Definition of ESG
ESG (environmental, social and governance) is a generic term used in capital markets and used by investors to evaluate corporate behaviour and to determine the future financial performance of companies.
ESG factors are a subset of non-financial performance indicators which include sustainable, ethical and corporate governance issues such as managing the company’s carbon footprint and ensuring there are systems in place to ensure accountability.
adoption of ESG principles
The European Federation of Financial Analysts Societies (EFFAS) has defined topical areas for the reporting of ESG issues, and developed Key Performance Indicators (KPIs) for use in financial analysis of corporate performance. EFFAS has identified nine topical areas that apply to all sectors and industries:
1) Energy efficiency;
2) Greenhouse gas (GHG) emissions;
3) Staff turnover;
4) Training & qualification;
5) Maturity of workforce;
6) Absenteeism rate;
7) Litigation risks;
9) Revenues from new products.
Next to these nine areas sector-specific ESGs and KPIs (key performance indicators) have also been defined. 
ESG has quickly become part of investment jargon to describe the performance of investment and fund portfolios on environmental, social and governance criteria and the quality of their performance against measurable ESG factors that are reported to shareholders. ESG analysis can provide insight into the long-term prospects of companies which allows mispricing opportunities to be identified. Investors can find new market opportunities with companies that place the management of ESG factors at the core of the business.
Company-specific ESG factors offer a benchmark for investors to judge the overall quality of the board’s governance and risk management processes and their positioning within an industry sector. The UN-backed Principles for Responsible Investment (UNPRI) provides a voluntary ESG framework for companies and funds, from which investors can make informed investment decisions that relate to sustainability and governance practices.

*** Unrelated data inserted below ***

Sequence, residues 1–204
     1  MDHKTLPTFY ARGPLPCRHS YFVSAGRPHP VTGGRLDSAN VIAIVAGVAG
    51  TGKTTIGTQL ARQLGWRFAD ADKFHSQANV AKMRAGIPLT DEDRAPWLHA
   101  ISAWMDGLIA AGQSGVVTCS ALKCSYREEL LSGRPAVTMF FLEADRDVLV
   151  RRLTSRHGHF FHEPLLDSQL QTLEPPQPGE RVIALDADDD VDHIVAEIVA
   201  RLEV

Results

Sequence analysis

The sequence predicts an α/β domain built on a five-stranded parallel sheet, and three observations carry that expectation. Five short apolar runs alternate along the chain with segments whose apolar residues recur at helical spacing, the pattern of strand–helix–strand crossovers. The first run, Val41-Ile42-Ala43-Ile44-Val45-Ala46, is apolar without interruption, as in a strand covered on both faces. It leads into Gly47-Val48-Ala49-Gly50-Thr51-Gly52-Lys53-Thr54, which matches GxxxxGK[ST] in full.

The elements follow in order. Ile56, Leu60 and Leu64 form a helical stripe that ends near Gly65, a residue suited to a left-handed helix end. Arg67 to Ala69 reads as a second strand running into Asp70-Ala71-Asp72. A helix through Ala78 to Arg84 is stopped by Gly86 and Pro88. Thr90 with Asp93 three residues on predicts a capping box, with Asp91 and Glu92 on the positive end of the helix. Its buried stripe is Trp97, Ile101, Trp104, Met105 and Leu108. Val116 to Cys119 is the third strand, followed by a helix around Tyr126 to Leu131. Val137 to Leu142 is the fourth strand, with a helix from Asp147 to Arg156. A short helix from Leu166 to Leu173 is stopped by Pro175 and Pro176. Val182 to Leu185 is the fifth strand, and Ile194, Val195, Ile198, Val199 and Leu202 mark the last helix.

The growing interest in ESG factors from institutional investors, in particular, reflects the view that environmental, social and corporate governance issues can affect the performance of investment portfolios and should therefore be given appropriate consideration by investors.
As of February 2014, 1,064 asset owners and asset managers and 183 professional service partners, representing combined assets of more than $34 trillion, had committed themselves to the six principles of the PRI.
The six principles of the PRI are:
1. We will incorporate ESG issues into investment analysis and decision-making processes
2. We will be active owners and incorporate ESG issues into our ownership policies and practices
3. We will seek appropriate disclosure on ESG issues by the entities in which we invest
4. We will promote acceptance and implementation of the Principles within the investment industry
5. We will work together to enhance our effectiveness in implementing the Principles
6. We will each report on our activities and progress towards implementing the Principles
Fund managers and financial analysts who can interpret and relate ESG factors to a company’s future prospects may potentially develop a competitive advantage should others fail to recognise the same risks or opportunities related to those factors.
The Association of British Insurers, in its guidelines to institutional investors, expects that a company’s annual report should include information on ESG-related risks and opportunities that may significantly affect the company’s short and long term value, and how such risks and opportunities might impact on the future of the business. The annual report should also set out how the board fulfils its responsibilities for ESG policies, procedures and verification. 
ESG in the news
In October 2013 an FT columnist wrote that although the $34tn of assets backing the UN's Principles for Responsible Investment ought to be invested to take account of environmental, social and governance (ESG) factors that in practice it was hard to see what difference the UNPRI was making.
The piece drew a response from the managing director of the UNPRI who wrote that the organisation had developed a new framework which would require members for the first time to give evidence to demonstrate exactly how they were managing their investments in line with the Principles.